CFB and JACEI activity

The CFB and JACEI have been engaged with the subject of tax justice for sometime. This activity has included:

  • JACEI receiving a briefing on tax and ethical investment from the CFB in 2013
  • JACEI receiving a tax justice paper in March 2013 prepared by JPIT, and in turn responding to correspondence the CFB had had with the Methodist Tax Justice Network
  • CFB participating in the ‘Tax Dialogue: on responsible tax for sustainable development’ in 2015
  • CFB participating in and delivered a speech at a fringe event at 2016 Conference entitled ‘The Joy of Tax’
  • CFB noting the adoption of the fair tax mark by SSE and engaging with the company on tax
  • CFB participating in the roundtable on tax convened by JPIT in the autumn of 2017

Current Issues around Taxation

The emergence of technology and e-commerce has undoubtedly added complexity and allowed the flow of capital for tax planning purposes to be pursued with increased aggression. In 2012, a series of scandals emerged involving major multinational companies avoiding tax from the UK Government. Amazon, Starbucks and Google came in for particular criticism from the House of Commons Public Accounts Committee6.

Concerns have been raised about the implication such practices have, both for the tax revenues of the exchequer, and the reputation of businesses that benefit from their license to operate under the Rule of Law, but where they contribute very little to that society.

The Institute of Business Ethics (IBE) argues that the behaviour of a business in tax planning ‘falls into the realm of ethics because businesses have a choice about their approach to interpreting the law and hence paying taxes. Whilst remaining legal in all it does, where a business draws its ethical line regarding how to interpret the tax laws and arrange its affairs is subject to a good deal of discretion.’7 This can extend to where it pays its taxes.


Informed and meaningful engagement on tax with different companies requires a high level of technical expertise owing to the complexity of tax law and the multi-jurisdictional nature in which it is paid.

It would generally be neither feasible nor desirable for investor engagement to make technical determinations around the intentions (or otherwise) of individual financial structures by companies. Fruitful engagement should be centred on encouraging tax transparency and on how companies manage and disclose their tax arrangements.

Transparency and disclosure is viewed as the most beneficial avenue for engagement as many of the financial structures that often determine tax liabilities are occluded. Secrecy and complexity obfuscate understanding. While such structures may have legitimate use (including entirely appropriate tax planning and some use of low tax jurisdictions), secrecy raises concerns about the appetite and desire to avoid tax.

A transparent tax policy leads to greater confidence that financial engineering has a legitimate purpose and is acceptable from a societal standpoint.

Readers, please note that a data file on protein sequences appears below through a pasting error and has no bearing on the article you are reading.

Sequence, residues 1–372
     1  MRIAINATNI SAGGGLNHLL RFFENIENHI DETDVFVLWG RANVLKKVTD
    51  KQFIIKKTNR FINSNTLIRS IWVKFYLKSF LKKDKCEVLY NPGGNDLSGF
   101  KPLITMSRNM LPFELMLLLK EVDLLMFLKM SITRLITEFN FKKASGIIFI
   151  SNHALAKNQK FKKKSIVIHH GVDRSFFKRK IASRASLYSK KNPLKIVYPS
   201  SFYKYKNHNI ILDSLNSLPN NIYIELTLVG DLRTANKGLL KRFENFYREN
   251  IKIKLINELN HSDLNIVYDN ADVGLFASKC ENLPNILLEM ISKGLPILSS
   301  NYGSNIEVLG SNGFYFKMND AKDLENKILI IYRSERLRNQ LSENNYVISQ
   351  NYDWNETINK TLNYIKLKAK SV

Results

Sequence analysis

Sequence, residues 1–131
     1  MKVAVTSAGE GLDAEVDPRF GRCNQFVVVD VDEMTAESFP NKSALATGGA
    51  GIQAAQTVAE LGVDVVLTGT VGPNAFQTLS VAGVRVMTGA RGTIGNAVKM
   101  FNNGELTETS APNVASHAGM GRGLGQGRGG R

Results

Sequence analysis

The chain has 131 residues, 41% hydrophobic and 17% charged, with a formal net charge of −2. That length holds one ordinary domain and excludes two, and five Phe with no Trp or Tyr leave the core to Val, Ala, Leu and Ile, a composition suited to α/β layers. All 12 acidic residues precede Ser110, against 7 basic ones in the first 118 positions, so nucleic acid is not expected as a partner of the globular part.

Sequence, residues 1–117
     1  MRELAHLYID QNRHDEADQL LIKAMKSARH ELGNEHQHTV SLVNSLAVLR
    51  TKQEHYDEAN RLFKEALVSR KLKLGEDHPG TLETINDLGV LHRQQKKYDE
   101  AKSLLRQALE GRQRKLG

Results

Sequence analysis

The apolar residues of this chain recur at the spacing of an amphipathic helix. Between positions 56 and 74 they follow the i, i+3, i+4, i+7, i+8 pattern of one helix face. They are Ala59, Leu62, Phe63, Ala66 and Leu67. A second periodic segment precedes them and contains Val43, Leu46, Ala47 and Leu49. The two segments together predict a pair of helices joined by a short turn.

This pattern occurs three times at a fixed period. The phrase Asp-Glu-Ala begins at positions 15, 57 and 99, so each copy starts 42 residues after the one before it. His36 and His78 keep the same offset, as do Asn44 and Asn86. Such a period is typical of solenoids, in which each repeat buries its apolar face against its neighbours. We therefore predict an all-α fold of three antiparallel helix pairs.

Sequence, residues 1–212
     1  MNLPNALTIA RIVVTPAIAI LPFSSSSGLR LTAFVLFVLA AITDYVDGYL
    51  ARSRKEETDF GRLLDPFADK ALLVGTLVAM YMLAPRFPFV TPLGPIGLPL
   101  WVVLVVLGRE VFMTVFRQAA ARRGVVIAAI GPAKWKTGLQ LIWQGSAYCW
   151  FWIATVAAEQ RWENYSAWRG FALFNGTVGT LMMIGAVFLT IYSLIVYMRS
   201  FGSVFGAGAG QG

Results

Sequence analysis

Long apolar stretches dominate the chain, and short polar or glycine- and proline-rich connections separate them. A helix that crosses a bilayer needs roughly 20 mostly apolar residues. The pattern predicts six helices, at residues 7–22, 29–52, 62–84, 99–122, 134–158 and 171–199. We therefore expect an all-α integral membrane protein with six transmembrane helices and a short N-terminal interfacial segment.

Hallmarks of company best practice in this area include:

  • A meaningful published tax policy;
  • A statement that tax compliance is understood as being more than legal compliance;
  • A statement on how tax planning is arranged and managed;
  • Disclosure on how much tax is paid and in which jurisdictions, and;
  • A view of the progress the company is making towards adoption of the Fair Tax Mark.

In seeking to engage with companies this Policy recommends an approach focused on transparency and openness. For instance we note the elements of best practice thinking developed by the PRI (Principles of Responsible Investment) and also by ActionAid in its primer, “Tax Responsibility – an Investor Guide”8 around the primary areas of:

  • Tax Policy
  • Tax Management
  • Tax Reporting

A responsible tax policy would be a clearly communicated tax policy, publicly available, which aligns the company with accepted best practice, sets out the company’s approach to its tax arrangements and rules out aggressive tax planning practices.

Tax management would ensure that the responsible tax policy is implemented throughout the Group and that it is communicated effectively, accompanied by appropriate training and details relevant compliance functions. Mechanisms for identifying non-compliance should be clearly highlighted.

Reporting on tax policy and its management would include detailed information of where and how a company pays tax by jurisdiction, sufficient to ensure that practice mirrors policy. Investors should be able, clearly, to assess and gauge risks associated with the company’s practices and where they depart from policy.

Questions to enable effective CFB engagement on tax

Relevant questions to be asked as part of any engagement would include:

Tax Policy

  • Who sets the Policy and who provides input (internal and external)?
  • Who has responsibility for the Policy within the business, and how often is it reviewed?
  • Does the Policy address risk and the appropriate level of risk appetite?
  • Does the Policy specifically rule out the use of aggressive tax planning schemes?
  • What role does the Board have in overseeing the Policy as fair, appropriate and just?

Tax Management

  • What systems are in place to implement the Policy?
  • How is it communicated throughout the business
  • What formal process is there for reviewing the purpose and use of tax havens?

Tax Reporting

  • Is the full tax Policy disclosed and available
  • Does reporting include country by country reporting of how much is paid and where?